James Forsyth

Don’t be fooled by Kelly’s 60 minute rule

Don't be fooled by Kelly's 60 minute rule
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Next week is going to be dominated by Sir Christopher Kelly’s scheme for reforming MPs’ expenses and allowances. The party leaders are trying to force these reforms through, believing that it would be disastrous for the reputation of politics if MPs don’t accept these reforms in full. But the leaks about what Kelly will propose suggest that some of his ideas are ill thought-out and should not be accepted in full.

Take the proposal that all MPs whose constituency station is within 60 minutes of a London train station will not be allowed to claim support for a second home. But this ignores the time it takes an MP both to get to his constituency station and to get from a London station to the Commons. For instance, an MP whose train comes into Charing Cross or Waterloo can be confident that they can be at Parliament within ten minutes of arriving at the station. By contrast, someone who gets into Paddington or Liverpool Street needs to budget close to half an hour to get to the Commons. In reality, the Kelly plan will mean that some MPs have to commute for two hours each way — some will be spending a sixth of their day on the move.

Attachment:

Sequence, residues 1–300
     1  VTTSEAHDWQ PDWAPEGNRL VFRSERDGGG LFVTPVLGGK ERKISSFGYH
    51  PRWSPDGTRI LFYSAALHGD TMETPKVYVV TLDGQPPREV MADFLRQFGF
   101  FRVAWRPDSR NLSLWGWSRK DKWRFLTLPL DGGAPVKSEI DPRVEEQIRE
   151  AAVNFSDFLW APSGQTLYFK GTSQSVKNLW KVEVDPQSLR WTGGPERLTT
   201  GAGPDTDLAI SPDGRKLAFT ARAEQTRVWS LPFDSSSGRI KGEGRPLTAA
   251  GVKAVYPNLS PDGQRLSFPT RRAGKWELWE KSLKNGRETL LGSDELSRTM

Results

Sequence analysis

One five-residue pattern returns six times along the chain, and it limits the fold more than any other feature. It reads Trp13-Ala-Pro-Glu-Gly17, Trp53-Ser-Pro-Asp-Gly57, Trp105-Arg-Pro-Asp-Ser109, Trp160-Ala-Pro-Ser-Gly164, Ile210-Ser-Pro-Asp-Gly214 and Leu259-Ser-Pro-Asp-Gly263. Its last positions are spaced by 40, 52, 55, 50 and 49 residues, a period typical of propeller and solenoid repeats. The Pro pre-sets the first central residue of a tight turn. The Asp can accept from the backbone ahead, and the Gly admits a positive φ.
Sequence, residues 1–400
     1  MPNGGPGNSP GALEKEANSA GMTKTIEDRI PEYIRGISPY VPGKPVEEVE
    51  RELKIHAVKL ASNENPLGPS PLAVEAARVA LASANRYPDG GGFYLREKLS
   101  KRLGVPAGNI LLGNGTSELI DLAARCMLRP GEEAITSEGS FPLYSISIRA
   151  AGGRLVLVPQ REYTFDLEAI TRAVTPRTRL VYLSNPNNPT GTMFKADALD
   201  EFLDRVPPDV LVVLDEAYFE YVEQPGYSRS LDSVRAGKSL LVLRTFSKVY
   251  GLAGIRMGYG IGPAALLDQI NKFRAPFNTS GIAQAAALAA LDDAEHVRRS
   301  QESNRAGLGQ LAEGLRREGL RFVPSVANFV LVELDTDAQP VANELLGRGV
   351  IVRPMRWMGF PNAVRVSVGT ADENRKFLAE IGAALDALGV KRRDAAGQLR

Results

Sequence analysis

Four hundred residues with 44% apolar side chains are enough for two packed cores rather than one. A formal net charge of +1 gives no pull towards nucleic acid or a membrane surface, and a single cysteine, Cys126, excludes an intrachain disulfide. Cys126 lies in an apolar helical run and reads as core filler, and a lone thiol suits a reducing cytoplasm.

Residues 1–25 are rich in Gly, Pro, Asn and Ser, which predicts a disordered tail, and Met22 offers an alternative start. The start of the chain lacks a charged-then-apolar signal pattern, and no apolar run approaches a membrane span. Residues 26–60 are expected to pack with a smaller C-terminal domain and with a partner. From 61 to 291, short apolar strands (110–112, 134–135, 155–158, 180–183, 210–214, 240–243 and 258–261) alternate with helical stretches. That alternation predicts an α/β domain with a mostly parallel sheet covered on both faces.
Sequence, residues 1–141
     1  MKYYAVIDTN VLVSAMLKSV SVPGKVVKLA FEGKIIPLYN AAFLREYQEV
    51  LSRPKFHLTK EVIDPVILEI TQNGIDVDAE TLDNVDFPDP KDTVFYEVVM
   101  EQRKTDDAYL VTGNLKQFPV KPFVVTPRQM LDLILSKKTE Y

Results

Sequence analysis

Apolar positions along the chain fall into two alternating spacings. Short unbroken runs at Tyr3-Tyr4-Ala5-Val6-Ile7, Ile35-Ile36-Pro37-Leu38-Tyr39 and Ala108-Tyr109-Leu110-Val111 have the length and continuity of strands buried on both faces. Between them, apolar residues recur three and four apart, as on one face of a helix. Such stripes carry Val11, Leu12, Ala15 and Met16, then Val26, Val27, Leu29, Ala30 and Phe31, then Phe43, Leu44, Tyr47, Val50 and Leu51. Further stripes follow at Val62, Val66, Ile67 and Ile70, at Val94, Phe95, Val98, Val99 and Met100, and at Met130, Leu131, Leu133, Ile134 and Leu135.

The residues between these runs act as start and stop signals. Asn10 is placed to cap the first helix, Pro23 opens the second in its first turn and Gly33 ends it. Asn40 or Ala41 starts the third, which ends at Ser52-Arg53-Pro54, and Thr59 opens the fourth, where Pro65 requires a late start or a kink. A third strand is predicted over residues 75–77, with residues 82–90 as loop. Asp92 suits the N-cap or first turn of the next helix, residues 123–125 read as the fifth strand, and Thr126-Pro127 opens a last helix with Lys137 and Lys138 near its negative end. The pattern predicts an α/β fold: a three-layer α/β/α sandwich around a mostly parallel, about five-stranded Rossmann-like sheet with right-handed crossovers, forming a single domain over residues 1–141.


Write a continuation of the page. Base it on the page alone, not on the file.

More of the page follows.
If we want MPs to do the amount of constituency case work that they currently do and to scrutinise the executive properly, then they need to live in two places. Surely, the sensible thing to do would be for Parliament to buy hundreds of flats within easy reach of Westminster and assign them to MPs like they assign them office space.